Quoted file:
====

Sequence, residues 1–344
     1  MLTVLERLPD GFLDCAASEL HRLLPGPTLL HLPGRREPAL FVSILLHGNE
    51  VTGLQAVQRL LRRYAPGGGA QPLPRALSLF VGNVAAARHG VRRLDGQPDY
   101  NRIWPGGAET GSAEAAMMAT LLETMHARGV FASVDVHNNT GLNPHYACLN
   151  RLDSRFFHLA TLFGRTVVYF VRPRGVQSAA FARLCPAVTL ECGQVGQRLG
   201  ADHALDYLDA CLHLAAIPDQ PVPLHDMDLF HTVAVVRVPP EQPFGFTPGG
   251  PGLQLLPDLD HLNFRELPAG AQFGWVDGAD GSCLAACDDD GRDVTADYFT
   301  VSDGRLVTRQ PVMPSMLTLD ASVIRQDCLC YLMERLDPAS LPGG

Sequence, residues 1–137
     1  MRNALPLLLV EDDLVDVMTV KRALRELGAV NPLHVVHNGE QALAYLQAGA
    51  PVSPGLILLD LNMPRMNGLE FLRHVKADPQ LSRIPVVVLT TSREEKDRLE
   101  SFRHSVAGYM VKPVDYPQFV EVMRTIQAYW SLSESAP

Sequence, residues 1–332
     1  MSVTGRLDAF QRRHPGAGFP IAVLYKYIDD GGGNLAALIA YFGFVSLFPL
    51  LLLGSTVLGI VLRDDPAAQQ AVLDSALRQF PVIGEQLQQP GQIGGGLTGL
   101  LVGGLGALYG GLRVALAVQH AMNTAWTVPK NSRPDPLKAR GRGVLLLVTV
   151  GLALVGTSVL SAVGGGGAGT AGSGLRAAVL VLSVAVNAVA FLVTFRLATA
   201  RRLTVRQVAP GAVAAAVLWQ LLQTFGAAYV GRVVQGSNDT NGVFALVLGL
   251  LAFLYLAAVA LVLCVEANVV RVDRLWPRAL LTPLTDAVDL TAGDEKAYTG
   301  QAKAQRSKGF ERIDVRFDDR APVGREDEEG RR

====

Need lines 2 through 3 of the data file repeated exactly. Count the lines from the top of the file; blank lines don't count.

     1  MLTVLERLPD GFLDCAASEL HRLLPGPTLL HLPGRREPAL FVSILLHGNE
    51  VTGLQAVQRL LRRYAPGGGA QPLPRALSLF VGNVAAARHG VRRLDGQPDY